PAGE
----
Please use this identifier to cite or link to this item:
Title: Dietary docosahexaenoic acid supplementation prevents the formation of cholesterol oxidation products in arteries from orchidectomized rats.
Issue Date: 2017
Citation: PLoS ONE.2017;(12)10:e0185805
Abstract: Testosterone deficiency has been correlated with increased cardiovascular diseases, which in turn has been associated with increased oxidative stress. Several studies have considered cholesterol oxidation products (COPs) as oxidative stress biomarkers, since some of them play pro-oxidant and pro-inflammatory roles. We have previously described the cardioprotective effects of a dosahexaenoic acid (DHA) supplemented diet on the aortic and mesenteric artery function of orchidectomized rats. The aim of this study was to investigate whether impaired gonadal function alters the formation of COPs, as well as the potential preventive role of a DHA-supplemented diet on that effect. For this purpose, aortic and mesenteric artery segments obtained from control and orchidectomized rats, fed with a standard or supplemented with DHA, were used. The content of the following COPs: 7α-hydroxycholesterol, 7β-hydroxycholesterol, 7-ketocholesterol, 5,6α-epoxycholesterol, 5,6β-epoxycholesterol, cholestanetriol and 25-hydroxycholesterol, were analyzed by gas chromatography. The results showed that orchidectomy increased the formation of COPs in arteries from orchidectomized rats, which may participate in the orchidectomy-induced structural and functional vascular alterations already reported. The fact that the DHA-supplemented diet prevented the orchidectomy-induced COPs increase confirms the cardiovascular protective actions of DHA, which could be of special relevance in mesenteric arterial bed, since it importantly controls the systemic vascular resistance.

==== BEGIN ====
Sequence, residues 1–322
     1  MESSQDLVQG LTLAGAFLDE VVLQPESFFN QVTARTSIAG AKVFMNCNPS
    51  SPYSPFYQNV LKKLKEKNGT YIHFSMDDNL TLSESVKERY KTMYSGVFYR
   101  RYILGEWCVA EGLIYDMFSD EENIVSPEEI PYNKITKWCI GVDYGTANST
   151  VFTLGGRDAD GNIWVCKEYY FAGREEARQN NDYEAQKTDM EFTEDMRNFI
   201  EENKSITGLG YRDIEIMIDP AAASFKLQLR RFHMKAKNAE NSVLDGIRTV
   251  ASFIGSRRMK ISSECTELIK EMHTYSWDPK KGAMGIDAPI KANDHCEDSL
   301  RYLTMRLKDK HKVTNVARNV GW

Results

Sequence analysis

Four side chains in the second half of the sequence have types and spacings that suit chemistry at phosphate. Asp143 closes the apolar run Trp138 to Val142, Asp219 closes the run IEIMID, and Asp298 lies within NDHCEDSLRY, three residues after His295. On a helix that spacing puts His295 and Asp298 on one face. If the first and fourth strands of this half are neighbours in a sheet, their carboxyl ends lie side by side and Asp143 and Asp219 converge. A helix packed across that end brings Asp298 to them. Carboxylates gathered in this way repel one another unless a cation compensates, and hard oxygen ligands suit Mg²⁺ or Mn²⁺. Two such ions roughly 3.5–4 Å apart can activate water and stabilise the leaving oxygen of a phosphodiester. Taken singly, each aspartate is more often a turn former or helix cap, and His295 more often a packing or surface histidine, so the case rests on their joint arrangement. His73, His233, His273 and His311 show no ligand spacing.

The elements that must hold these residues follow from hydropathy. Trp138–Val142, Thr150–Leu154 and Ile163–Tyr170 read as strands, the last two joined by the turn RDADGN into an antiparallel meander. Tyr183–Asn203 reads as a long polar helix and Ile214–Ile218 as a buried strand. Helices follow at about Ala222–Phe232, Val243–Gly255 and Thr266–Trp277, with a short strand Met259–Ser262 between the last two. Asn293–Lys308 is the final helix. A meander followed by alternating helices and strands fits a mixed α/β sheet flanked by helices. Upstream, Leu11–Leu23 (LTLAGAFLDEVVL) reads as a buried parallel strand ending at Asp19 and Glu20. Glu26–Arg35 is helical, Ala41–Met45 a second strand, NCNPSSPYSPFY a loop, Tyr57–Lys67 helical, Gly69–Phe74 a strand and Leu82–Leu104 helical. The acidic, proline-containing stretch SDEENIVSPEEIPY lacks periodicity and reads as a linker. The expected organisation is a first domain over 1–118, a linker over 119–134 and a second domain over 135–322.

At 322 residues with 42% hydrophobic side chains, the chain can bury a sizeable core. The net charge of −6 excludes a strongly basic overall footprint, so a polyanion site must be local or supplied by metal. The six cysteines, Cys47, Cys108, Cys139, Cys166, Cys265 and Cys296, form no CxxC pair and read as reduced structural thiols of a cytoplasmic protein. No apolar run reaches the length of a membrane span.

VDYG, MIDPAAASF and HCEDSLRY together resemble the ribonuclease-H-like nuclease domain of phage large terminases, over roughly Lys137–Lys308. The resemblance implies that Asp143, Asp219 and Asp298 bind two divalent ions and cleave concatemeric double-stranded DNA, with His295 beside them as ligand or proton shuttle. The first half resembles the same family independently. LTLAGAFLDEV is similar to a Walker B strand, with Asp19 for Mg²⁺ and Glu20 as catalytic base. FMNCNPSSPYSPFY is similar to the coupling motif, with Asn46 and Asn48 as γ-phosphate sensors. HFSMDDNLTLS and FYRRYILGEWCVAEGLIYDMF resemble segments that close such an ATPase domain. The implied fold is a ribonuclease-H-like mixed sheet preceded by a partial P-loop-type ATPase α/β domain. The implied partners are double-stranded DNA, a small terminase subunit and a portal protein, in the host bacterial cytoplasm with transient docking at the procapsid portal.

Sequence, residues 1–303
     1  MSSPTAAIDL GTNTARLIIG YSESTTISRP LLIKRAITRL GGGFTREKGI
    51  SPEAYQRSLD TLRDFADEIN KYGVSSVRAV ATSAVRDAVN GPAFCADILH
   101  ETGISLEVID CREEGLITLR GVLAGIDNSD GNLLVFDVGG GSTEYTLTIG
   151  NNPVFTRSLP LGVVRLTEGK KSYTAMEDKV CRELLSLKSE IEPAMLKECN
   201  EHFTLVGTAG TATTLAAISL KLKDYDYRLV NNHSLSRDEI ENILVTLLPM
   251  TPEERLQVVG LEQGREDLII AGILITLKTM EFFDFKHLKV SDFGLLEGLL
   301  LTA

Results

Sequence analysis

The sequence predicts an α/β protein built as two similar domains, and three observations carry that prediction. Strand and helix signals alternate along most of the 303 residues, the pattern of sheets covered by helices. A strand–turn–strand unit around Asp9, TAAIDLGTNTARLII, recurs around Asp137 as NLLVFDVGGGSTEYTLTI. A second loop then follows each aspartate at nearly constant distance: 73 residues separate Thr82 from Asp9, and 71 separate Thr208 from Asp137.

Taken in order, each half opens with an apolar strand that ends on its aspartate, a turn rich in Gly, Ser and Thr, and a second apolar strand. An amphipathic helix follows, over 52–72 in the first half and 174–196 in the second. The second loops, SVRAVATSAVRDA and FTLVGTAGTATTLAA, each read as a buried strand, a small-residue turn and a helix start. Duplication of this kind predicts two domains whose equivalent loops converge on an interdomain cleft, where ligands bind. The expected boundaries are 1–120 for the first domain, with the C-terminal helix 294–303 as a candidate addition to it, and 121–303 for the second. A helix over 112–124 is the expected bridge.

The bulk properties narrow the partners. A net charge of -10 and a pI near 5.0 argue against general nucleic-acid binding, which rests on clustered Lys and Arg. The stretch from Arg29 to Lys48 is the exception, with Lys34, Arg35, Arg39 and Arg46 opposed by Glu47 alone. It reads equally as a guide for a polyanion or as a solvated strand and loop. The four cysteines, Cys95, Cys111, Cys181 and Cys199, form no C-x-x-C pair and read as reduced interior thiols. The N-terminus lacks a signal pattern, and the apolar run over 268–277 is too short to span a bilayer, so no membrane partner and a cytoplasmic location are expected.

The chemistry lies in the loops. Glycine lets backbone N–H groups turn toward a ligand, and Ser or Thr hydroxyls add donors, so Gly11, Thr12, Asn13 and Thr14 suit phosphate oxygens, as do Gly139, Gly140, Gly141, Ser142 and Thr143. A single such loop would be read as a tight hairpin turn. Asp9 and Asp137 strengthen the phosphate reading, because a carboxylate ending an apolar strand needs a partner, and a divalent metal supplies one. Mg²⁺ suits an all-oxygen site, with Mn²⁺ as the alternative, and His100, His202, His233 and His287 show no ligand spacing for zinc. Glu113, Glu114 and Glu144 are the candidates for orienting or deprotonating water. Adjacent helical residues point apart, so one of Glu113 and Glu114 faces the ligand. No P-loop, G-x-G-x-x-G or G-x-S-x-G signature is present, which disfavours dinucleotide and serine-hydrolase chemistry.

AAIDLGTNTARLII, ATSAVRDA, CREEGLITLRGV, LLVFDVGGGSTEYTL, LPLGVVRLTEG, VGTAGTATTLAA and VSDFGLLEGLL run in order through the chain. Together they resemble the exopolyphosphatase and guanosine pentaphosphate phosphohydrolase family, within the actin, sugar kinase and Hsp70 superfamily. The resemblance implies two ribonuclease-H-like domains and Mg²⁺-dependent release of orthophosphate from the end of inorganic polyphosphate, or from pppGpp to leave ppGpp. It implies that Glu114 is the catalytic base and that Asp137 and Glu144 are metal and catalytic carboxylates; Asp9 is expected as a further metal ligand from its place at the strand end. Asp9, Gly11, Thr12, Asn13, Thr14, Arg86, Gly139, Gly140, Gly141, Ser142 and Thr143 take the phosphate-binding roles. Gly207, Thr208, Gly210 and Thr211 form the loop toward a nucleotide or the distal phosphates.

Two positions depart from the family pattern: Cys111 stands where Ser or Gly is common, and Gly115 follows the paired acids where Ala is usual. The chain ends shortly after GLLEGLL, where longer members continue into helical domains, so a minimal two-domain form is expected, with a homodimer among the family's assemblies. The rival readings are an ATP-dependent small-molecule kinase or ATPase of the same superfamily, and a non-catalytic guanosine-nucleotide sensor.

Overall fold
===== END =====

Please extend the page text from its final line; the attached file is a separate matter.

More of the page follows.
PMID: 28968462
Rights: openAccess
Appears in Collections:Fundaciones e Institutos de Investigación > IIS H. U. La Paz > Artículos

Files in This Item:
File Description SizeFormat 
PMC5624632.pdf1.79 MBAdobe PDFThumbnail

Items in DSpace are protected by copyright, with all rights reserved, unless otherwise indicated.